2. The overhand knot to secure ends left hanging. Can be done with a pigtail or without. If I am  using a lot of slick yarns in my weft bundle. I will sometimes do both. I was taught this by one of my Gobelin instructors, but I am not sure if it is really part of the Gobelin tradition.DSCN1047

Overhand knot. Use the tip of the bottom to snug it up tight against the back of the tapestry. Can be done from the front or the back when your weaving
3. Gobelin style using a pig tail or an overhand knot to  keep the weft ends on the back of the tapestry and then cut short.This can be reversed so that one can do it from the front of the tapestry, which is what the diagrams are portraying. MAINLY--because I   now work from the front and teach people to weave from the front. But I used this same technique to weave from the back for over 10 years. Ends trimmed to about .5 inches after the tapestry is finished or while still on the loom as you go. Pig tails can easily done for the front or back of a tapestry.
 That said What I have found when I am teaching is that pigtails are either the easiest thing in the world to do or the hardest.
The diagram below  is of pigtails reversed from working on the back to how to do them from the front. 
The trick  have found is to remember that you always need to be aware of whether the warp thread is a hill or valley. If the pig tail is going to be on a hill thread it goes behind 2. If it’s going to be on a valley thread it goes behind one warp.
Here are some pictures that I hope will help-DSCN1016
note this one goes behind one warp thread

This is behind two warp threads


   3. For double sided or reversible tapestries or just to anchor the weft threads.  This is the wispy  weft thingy where ends are graded at an angle and laid with the ends or tails on each other. Doesn’t really have a name.  It’s all done as one weaves. Related to Navajo and some Middle Eastern cultures. Some have hypothesized that  this technique might have been brought to the America’s by the Spaniards. Usually by those who forget that there was already a tapestry weaving culture in the America's long before Europeans arrived.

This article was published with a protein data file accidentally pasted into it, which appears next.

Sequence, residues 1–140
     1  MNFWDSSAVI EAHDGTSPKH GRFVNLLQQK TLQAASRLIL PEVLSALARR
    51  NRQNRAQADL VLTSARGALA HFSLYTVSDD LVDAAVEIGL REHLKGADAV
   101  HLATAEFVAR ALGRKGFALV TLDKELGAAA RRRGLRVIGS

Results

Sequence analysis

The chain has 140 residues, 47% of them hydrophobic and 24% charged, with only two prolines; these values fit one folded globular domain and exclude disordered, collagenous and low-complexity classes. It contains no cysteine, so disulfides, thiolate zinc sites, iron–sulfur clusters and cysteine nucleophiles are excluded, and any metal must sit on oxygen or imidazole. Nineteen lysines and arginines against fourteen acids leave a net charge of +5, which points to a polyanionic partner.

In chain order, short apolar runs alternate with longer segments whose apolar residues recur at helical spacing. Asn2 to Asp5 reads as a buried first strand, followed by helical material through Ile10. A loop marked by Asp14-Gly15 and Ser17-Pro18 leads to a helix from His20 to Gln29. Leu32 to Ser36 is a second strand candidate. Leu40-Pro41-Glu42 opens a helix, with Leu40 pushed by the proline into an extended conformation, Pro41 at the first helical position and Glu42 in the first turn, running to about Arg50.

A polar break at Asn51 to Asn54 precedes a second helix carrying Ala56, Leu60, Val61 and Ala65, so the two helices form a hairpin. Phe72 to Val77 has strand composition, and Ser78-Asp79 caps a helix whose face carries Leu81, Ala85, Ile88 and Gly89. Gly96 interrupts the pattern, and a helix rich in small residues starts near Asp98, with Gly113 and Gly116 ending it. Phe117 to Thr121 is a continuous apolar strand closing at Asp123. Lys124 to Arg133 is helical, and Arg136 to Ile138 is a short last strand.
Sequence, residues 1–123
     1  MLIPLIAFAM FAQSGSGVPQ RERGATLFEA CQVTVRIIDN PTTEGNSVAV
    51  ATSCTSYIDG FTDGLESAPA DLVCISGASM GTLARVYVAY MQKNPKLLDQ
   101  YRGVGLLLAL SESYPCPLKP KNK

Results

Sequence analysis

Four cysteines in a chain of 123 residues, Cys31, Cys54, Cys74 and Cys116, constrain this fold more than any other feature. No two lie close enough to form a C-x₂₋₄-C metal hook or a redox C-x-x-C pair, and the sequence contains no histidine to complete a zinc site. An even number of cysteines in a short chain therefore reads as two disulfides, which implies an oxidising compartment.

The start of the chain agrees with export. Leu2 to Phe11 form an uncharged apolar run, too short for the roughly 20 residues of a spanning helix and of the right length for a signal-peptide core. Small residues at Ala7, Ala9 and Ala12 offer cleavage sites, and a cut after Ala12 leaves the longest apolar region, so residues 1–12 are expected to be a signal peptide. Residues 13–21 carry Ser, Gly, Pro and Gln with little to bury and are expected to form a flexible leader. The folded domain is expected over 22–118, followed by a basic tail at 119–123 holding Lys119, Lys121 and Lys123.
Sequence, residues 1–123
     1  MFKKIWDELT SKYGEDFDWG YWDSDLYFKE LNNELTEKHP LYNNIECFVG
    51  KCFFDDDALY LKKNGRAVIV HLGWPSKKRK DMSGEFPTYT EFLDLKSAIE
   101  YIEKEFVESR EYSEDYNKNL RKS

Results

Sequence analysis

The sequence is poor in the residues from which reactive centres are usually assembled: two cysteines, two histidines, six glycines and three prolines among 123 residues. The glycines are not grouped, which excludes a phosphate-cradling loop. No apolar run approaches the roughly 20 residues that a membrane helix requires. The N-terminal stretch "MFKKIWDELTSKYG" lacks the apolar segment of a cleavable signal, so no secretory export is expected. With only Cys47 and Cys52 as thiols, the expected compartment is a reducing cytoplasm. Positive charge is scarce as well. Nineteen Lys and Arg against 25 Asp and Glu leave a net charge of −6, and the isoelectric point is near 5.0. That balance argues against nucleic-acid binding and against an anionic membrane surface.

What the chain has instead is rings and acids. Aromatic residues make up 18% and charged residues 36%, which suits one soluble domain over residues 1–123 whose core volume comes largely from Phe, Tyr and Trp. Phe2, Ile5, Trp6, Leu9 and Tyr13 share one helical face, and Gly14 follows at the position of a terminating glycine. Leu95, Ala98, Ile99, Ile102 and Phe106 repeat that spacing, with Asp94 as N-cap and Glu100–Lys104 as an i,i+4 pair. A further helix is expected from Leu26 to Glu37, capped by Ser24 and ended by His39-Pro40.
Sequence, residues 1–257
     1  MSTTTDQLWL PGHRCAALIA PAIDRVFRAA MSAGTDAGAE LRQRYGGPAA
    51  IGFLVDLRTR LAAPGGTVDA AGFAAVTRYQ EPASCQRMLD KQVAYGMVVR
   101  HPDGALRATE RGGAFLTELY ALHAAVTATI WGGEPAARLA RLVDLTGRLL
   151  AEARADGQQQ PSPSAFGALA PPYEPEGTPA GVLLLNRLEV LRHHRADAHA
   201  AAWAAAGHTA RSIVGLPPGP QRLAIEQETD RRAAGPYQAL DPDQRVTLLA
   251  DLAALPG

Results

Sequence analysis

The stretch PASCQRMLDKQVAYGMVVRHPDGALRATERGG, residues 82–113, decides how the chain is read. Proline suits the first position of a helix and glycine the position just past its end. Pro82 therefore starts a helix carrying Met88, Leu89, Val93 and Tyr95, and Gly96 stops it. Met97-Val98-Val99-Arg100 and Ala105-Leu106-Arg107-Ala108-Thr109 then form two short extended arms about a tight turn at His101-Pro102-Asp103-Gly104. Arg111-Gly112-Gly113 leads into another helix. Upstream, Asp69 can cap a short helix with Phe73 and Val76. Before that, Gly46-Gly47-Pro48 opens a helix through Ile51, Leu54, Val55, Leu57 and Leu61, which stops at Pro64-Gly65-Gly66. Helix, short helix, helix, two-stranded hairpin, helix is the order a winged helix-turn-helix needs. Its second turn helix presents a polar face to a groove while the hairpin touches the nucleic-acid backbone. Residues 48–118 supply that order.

DSCN1051Ending Threads on the fell line are tapereDSCN1054d and or graded at an angle. Weft bundle is cut at an angle or graded.
DSCN1055Weft threads are laid on top of of tapered wefts on fail line in the same shed.DSCN1058

Woven over weft  holds the ends in place in place.
This can also be done  by snapping or pulling a singles thread between your fingers instead of using scissorsDSCN1059. The two ends of the singles yarn will  fuzz out and taper out to nothing.


note the two tapered ends are laid in the same shed and then beaten down.
4. Weft ends are needled in down the warp channel that’s created by the over and under of the weaving process. Probably a Scandinavian tradition of beginnings and endings in Aklae and Rolakken.
DSCN1040DSCN1043The needle with the weft end being needled down through the channel by the warp

In real life I probably would have gone down several more wefts and all trace of the black would have disappeared when beaten in. This can be done while weaving or when the weaving is finished on or off the loom depending on personal preference.
5. There are two variations of this one. I really wish I had photos of both these processes, but I don’t. 
      The first is to leave the ends hanging on either the front and back. AND, then fulling the tapestry by washing machine, beating it on a rock with mild soap and water.( Fulling is a process that increases the compactness of a woven woolen fabric by subjecting it to , moisture, heat, friction until the fabric shrinks between 2-5 percent or more.Shrinkage should occur in both the warp and weft.) This traps the ends. One then comes back and trims the ends to the surface of the tapestry. If you brush the wool surface gently all of the fuzzy will disappear into the surface. This works best on woolens. Less so on worsted wefts. Not at all on Cottons, Silks and Rayon's and linen threads.